The portion from the Prophets that is chanted in the synagogue on each Shabbos or Festival morning is known as the haftorah. The practice of reading from the Prophets on these sacred days was introduced during the reign of the infamous Syrian-Greek, King Antiochus, who ruled and persecuted our people prior to the Chanukah story. In his attempts to destroy our spiritual identity, he outlawed the public reading of the Torah - a weekly practice which was introduced by Moses. Unable to refresh their spiritual thirst from the Torah itself, the people resorted to reading from the Prophets. Later, when we regained our independence, our people retained the new custom of having someone read from the Prophets; however, we would now read the haftorah after the weekly Torah reading.
The theme of the haftorah selection for each Shabbos or Festival is usually related to a subject within the weekly Torah reading or to the Festival being celebrated. During the seven weeks between the Fast of Tisha B’Av and Rosh Hashana, the theme of each haftorah is “comfort” – comfort for Zion and her lost and suffering children.
The haftorah of this Shabbos opens with the following poetic words of comfort to Mother Zion who was barren for a long period:
“Sing out, O barren one who has not given birth; break into glad song and be jublilant, O one who had no birth pangs, for the children of the desolate (Jerusalem) will outnumber the children of the inhabited one, said the Compassionate One.” (Isaiah 54:1)
Rabbi Samson Raphael Hirsh explains that the above prophecy refers to both a physical and spiritual return to Zion, as within the Holy Sanctuary of Zion’s Temple was the Torah - the Divine Teaching. When we all return to Zion, we will also return to the Divine Teaching that Zion represents.
The Prophet then describes the additional comfort which will result from our physical and spiritual return to Zion:
“Fear not, for you will not be shamed; do not feel humiliated, for you will not be disgraced; for you will forget the shame of your youth and you will no longer recall the disgrace of your widowhood. For your Husband is also your Maker, ‘God of all the Hosts of Creation’ is His Name; and your Redeemer, the Holy One of Israel, will be called God of the whole world.” (Isaiah 54:4,5)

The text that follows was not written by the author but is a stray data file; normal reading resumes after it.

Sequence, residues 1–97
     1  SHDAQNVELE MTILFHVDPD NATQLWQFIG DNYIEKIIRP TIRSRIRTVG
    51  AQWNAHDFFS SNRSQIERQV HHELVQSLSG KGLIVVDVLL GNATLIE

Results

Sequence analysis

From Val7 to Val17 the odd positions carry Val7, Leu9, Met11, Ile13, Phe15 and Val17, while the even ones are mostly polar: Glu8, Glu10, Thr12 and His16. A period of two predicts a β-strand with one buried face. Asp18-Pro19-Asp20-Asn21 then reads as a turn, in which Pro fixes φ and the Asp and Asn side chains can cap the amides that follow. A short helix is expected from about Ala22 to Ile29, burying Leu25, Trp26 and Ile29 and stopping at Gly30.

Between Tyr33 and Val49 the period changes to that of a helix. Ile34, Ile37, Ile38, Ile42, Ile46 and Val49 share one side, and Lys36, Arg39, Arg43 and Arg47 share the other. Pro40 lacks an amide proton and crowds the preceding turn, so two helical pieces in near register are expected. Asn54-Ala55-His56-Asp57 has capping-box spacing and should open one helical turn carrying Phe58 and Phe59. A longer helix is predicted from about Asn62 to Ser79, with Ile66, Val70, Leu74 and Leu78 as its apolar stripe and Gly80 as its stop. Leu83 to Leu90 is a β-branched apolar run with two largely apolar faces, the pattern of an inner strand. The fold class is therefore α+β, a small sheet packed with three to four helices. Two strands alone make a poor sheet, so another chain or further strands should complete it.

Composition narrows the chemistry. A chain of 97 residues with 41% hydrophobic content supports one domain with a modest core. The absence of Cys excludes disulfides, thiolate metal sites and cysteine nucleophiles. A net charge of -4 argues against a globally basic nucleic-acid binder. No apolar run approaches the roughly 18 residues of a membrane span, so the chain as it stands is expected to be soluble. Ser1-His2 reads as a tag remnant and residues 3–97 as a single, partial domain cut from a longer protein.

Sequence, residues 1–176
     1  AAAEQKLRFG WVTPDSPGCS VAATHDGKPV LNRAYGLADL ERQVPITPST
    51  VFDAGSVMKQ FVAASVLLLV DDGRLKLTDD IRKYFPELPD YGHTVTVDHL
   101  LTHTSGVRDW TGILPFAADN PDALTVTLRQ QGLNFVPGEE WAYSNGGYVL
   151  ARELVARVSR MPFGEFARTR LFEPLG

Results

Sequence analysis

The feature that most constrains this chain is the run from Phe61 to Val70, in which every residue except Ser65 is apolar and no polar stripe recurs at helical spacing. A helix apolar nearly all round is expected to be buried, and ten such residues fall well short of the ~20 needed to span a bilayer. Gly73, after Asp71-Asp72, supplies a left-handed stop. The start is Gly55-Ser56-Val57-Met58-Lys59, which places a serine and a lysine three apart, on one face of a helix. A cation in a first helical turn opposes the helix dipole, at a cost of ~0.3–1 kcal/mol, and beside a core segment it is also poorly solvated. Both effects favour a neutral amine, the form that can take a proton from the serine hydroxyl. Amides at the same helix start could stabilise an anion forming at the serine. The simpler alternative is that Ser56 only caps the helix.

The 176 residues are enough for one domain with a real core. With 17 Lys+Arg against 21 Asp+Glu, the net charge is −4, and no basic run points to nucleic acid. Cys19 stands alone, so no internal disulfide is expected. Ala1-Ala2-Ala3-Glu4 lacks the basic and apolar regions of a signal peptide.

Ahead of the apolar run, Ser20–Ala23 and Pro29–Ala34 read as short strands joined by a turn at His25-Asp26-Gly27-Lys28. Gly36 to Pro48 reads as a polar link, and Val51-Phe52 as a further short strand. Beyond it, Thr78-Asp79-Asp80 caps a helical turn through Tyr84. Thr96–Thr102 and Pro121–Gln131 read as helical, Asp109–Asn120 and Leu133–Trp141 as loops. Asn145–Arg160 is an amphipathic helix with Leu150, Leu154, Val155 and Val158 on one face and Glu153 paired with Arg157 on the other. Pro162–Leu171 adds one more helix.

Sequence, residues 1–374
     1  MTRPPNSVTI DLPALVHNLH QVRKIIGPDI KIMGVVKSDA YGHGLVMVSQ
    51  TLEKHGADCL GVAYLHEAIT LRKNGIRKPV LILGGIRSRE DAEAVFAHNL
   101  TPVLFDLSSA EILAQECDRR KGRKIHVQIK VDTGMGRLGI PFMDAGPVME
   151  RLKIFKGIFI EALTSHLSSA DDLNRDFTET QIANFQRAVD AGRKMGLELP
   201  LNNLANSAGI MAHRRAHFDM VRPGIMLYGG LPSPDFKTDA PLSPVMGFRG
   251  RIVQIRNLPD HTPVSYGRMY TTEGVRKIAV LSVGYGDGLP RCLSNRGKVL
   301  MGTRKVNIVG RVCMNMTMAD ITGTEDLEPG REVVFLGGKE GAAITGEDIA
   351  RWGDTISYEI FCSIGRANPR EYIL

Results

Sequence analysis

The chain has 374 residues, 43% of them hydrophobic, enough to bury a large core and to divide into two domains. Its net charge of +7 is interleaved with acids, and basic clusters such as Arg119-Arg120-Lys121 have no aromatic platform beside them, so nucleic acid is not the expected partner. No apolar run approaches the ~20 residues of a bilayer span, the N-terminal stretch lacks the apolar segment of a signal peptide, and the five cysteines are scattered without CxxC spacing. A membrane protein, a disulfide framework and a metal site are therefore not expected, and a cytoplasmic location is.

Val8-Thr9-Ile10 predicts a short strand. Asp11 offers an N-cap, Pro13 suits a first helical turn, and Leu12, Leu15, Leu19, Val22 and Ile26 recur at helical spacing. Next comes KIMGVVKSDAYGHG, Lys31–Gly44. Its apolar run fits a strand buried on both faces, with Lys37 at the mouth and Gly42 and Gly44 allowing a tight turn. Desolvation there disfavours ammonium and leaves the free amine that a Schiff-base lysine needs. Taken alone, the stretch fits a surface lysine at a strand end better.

What will cause us to forget the pain and the shame of our exile after we return to Zion? It will be the universal recognition that our Redeemer, the Holy One of Israel, is the God of the whole world.
In order to achieve this spiritual goal, we first have to rediscover the “spiritual” identity of our people. As we shall discuss in the next stage of this series, the People of Israel are not to be yet another nation in the world which is devoted to its own prosperity and glory. The People of Israel are a nation which is consecrated for a spiritual and universal mission – one which sanctifies and elevates “this” world. Our mission is to create a heaven on earth, as the Torah states that when we study and fulfill all the mitzvos which relate to every area of human existence, our lives will be like “the days of the heaven on the earth” (Deuteronomy 11:21- Commentary of Haksav V’Hakaballah).
We will later discuss how the rediscovery of our spiritual identity can eventually lead us to regain eternal life on this earth, as it is written: “For this is the Just One, our God, forever and ever; He leads us beyond mortality” (Psalm 48:15 – Commentary of Rabbi Hirsch). The defeat of death will be the ultimate justice – a return to the state of the human being in the Garden of Eden, as the human being was originally destined to live forever in the Garden. The regaining of eternal life in this world is the goal of our Torah, which is why the Torah is known as the “Tree of Life” (Proverbs 3:19)
May the Compassionate One therefore guide and help us in our attempts to understand and fulfill the life-giving Divine Teaching. In this way, we can merit to experience the era when, “He will eliminate death forever, and My Master, the Compassionate and Just One, will erase tears from all faces” (Isaiah 25:8). This will be our ultimate comfort!
Have a Good and Sweet Shabbos,
Yosef Ben Shlomo Hakohen (See below)
P.S. With the approach of Rosh Hashana, contributions to support the work of “Hazon – Our Universal Vision” are deeply appreciated. Checks can be sent to: Yosef Ben Shlomo Hakohen, P.O.B. 16012, Bayit Vegan, Jerusalem, Israel (payable to Yosef Ben Shlomo Hakohen).